(28-03-2014 06:44 PM)john_corey Wrote:  Paul buys from agents and finds many or most of his deals on Rightmove.

    So do I, so what am I missing?

    How does he get these cheap enough to sell at auction and make a profit?

    If you listen to Paul speak when he delivers a 1 hour presentation, he covers some of the ways to find a deal on Rightmove.

    More or less the same way any investor will use the facility. You want to find properties that are underpriced.

    That can happen when the agent listing the property is from out of the area. They are much less likely to get the price right if they do not know the market.

    Or the property has potential to add value by splitting off a chunk of land.

    Or the seller has had 2 or more deal failures so they are happy to drop the price for a cash buyer.

    Paul then boards up the property and otherwise make it appeal to a DIY type or an investor.

    He puts it into auction and the people in the room determine the price they want to pay. That does not mean they are overpaying. If Paul purchased a bargain and then sold on at a higher price, he has a profit even with transaction costs. As noted earlier, about 3% of the time he has a loss. He makes up for the losses by running volume and by having 97% sold for a profit.

    Think of a retail shop. They buy wholesale and then try to shift the goods for a profit. Some of the time they need to discount the prices to clear stock. In other words, not every single item they sell will be sold at a profit yet the business can easily be a profitable business. You need to know how to buy right so you can sell higher to the wider market.

    Flying freeholds, legal issues with the title and other such things are all reasons that a buyer might be offering a bargain to someone who knows better how to deal with the 'problem'.
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    John Corey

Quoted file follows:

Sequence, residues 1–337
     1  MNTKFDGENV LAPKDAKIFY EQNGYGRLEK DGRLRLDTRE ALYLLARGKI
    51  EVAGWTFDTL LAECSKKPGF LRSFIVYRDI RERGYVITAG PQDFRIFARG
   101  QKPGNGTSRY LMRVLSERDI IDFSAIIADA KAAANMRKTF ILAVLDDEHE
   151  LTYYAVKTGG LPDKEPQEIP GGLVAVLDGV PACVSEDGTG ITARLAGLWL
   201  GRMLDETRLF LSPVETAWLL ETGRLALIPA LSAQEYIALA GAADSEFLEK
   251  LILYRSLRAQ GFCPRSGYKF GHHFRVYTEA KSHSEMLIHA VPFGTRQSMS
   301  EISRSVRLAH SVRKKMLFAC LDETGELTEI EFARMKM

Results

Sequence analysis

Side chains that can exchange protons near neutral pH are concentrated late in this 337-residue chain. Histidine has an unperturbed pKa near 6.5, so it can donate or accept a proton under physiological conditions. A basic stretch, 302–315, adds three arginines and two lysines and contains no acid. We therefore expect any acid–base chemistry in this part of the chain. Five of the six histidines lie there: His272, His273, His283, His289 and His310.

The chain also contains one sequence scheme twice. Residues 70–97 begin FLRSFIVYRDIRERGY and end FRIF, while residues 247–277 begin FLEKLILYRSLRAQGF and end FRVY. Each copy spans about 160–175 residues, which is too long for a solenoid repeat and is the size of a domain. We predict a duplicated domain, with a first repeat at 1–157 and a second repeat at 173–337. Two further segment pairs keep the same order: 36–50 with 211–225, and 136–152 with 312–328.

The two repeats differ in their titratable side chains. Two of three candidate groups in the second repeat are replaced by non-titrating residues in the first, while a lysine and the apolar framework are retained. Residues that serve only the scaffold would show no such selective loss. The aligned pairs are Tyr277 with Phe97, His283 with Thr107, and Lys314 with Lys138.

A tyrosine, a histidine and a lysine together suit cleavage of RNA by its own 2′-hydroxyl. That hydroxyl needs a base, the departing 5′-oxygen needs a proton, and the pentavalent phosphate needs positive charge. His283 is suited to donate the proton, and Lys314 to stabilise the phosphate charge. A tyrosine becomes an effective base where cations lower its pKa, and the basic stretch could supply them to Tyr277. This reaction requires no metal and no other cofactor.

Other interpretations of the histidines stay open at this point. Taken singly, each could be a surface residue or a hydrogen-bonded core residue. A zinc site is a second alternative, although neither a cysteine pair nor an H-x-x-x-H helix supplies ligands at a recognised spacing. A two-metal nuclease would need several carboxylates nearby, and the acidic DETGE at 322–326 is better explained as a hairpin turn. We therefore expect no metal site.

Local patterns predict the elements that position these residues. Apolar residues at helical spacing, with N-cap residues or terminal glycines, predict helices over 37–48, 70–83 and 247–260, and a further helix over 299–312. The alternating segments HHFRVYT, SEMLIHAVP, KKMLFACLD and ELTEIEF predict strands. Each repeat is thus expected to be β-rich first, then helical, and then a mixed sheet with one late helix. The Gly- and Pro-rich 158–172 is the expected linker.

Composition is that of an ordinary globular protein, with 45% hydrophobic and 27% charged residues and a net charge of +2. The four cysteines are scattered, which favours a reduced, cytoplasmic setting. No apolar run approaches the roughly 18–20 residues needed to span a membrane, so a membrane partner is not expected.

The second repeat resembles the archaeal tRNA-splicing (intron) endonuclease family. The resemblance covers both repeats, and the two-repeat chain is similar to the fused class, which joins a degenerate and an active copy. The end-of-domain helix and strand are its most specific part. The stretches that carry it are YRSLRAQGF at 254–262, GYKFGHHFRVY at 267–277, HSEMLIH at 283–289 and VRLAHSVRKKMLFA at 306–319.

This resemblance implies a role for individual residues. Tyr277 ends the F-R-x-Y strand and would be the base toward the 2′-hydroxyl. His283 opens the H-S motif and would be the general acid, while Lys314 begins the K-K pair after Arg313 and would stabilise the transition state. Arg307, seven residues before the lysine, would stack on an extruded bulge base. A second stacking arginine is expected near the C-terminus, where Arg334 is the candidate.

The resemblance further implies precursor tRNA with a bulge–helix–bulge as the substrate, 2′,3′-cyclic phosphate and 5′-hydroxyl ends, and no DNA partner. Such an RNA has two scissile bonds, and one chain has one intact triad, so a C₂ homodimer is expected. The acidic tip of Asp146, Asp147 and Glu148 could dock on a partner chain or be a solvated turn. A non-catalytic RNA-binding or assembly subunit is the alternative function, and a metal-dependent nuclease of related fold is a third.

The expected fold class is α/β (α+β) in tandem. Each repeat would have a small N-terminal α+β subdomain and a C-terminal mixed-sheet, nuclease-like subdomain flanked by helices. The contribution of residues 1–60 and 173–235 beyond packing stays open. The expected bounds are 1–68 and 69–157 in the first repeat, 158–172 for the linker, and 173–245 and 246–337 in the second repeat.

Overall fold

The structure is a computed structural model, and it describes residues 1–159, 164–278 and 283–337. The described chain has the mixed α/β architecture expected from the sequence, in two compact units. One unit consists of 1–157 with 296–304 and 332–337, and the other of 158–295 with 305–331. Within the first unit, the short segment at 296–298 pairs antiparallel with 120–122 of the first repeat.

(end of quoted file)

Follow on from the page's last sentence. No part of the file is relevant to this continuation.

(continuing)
Share your questions, learn from mistakes & crowdsource answers to your questions -> https://www.propertyfortress.com/community/
    Follow me on Twitter-> www.twitter.com/john_corey
    My blog -> www.PropertyFortress.com/blog
    RE investing discussions happening monthly in London, 2nd Tuesday of the month -> meetup.com/real-estate-advice

    It sounds like Paul relies on other people's ignorance to pay too much at auction?

    With buying and selling costs I cannot imagine that the margins are that great?

    It would be interesting for Paul to post an actual deal he has done to show the profit.
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    Ok thanks, quite an interesting strategy, not sure it's for me the whole thing about boarding it up etc. as i prefer to add value, but good luck to him if it makes him money.
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    I must be over paying for the properties we buy. We are about to buy our 300th property over 19yrs and out of all of those I could count on one hand the times we bought at a sufficient discount to make this strategy viable. Perhaps it's possible to make a couple of grand and I suppose if you are doing enough of them then it works but I would sooner do fewer deals with juicer profits.

    In our area and particularly in the current market, if we were to try that strategy our failure rate would be a lot higher than 3%. Buying anything on our patch at present below the asking price is very difficult, and for the first time in yrs we have just bought something at above the asking price..... I hate doing that, it brings me out in a cold sweat, but I know we will still exceed a 20% return after light refurb.
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    Phil Stewardson.

    Stewardson Properties.

    Stewardson Developments Ltd.

    Burson Land Ltd. & Jennings & Gilchreaste Ltd.

    https://www.stewardson.co.uk

    Follow me on twitter - @philstewardson